When a component starts up, it gets its own
copy of its configuration object. That copy is managed by
the config interceptor. This means that altering a
config object by looking it up with the
calling setters on it will not affect the copy of
configuration used by the component.
The proper mechanism for altering the settings of a
running component are by utilizing the features of
its config interceptor. Through the magic of the
, you can directly cast a component to
its specific configuration implementation and make
updates to its configuration. Then you can make
cast the component to the
and make calls to apply the configuration.
Just setting the values of a component
configuration will not immediately alter the behavior
of the component. Internally, once you start altering
the configuration of a component, it actually creates
a working copy, rather than directly altering the
settings of the live component. The
method then causes the lifecycle action to pause calls
to the component while it reconfigures with the new
settings. This allows you to set many different properties
that may be interdependent as an atomic operation.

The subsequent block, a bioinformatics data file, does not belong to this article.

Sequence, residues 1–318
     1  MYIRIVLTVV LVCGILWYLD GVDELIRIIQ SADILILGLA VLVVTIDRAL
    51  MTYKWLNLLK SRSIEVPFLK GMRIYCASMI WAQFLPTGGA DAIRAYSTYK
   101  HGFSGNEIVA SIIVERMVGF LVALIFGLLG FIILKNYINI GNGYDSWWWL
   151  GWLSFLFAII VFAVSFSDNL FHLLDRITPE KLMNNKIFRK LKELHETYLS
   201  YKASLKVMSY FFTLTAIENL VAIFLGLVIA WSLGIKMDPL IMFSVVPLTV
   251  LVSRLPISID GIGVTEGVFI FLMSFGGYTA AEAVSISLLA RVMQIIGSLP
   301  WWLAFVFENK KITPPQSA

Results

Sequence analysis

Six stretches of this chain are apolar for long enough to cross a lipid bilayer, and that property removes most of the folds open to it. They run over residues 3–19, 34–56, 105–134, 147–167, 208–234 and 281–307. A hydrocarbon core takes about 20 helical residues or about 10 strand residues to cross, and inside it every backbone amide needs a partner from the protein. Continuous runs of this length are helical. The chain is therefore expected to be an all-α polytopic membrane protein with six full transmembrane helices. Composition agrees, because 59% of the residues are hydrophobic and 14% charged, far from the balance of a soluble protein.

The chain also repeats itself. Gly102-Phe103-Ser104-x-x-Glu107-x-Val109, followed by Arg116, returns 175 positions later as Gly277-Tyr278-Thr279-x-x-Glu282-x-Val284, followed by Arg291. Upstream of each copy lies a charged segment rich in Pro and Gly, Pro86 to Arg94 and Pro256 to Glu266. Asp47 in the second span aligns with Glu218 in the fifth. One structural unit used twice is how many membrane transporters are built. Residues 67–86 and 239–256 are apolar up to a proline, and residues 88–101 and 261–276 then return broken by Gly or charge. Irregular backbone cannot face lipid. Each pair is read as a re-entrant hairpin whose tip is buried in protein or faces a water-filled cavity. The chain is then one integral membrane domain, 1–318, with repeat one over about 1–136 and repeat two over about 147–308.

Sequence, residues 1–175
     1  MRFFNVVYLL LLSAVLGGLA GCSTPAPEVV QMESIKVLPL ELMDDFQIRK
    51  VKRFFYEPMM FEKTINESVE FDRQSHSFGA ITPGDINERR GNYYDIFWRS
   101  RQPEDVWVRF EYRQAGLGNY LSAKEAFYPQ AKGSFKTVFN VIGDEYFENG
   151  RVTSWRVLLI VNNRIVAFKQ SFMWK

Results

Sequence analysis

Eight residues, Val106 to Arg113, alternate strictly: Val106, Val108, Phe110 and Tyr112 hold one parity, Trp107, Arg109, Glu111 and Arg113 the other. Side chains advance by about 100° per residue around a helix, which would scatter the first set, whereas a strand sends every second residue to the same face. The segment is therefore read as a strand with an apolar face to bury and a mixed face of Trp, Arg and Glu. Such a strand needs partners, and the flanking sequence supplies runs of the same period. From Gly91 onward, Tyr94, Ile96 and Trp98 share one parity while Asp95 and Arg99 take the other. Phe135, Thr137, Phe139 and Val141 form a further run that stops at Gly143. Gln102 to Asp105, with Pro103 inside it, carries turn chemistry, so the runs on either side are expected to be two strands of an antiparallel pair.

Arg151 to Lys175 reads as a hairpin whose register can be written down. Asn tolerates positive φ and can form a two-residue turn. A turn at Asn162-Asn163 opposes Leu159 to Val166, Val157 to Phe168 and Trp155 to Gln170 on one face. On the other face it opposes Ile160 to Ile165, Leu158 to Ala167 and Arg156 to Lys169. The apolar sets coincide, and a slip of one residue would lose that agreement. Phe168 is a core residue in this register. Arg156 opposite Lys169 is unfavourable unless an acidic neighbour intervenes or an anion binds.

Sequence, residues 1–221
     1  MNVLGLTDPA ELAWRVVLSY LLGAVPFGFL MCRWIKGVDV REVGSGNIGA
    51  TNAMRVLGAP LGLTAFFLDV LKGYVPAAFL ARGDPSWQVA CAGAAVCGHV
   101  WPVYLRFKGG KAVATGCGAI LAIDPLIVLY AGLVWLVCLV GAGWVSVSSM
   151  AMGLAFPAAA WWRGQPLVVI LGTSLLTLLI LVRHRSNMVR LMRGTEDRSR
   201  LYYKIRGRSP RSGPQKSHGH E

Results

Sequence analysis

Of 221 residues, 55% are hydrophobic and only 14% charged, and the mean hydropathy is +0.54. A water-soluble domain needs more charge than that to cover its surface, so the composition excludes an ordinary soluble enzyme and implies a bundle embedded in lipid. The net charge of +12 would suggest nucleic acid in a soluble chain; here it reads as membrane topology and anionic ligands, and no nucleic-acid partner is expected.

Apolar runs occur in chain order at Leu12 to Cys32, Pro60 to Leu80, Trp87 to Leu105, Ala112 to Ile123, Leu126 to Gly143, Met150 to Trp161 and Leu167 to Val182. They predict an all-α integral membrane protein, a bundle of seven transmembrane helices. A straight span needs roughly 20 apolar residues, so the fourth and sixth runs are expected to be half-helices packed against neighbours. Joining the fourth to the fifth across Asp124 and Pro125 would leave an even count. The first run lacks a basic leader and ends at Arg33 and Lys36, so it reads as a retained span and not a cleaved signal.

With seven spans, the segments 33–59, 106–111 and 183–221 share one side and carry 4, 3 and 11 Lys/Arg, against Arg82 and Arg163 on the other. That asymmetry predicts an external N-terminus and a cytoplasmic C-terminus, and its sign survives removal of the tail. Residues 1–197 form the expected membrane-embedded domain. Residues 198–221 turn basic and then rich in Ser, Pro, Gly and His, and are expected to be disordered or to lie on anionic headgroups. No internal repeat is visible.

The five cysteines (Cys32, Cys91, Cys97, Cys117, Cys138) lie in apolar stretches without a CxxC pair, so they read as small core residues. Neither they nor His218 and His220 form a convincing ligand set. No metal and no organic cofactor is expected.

Here is an example of reconfiguring the ConnectionFactory
associated with a StatementFactory. This could be used
to swap between a test and live databases during runtime,
for database failover, etc.
// Lookup the component to reconfigure
StatementFactory statementFactory =
// Lookup the service you would like to set as the value
ConnectionFactory namedConnectionFactory =
// Register the new service with the component
// Have the component reconfigure itself to start using the new settings
You'll also notice the
method on the
. When called, that method will take the current
settings for the component and write them out to the configuration
service. This would be used to store the configurations for later use
(after restart). If not called, the file on disk will not be altered and
the component will revert to the original configuration after restart.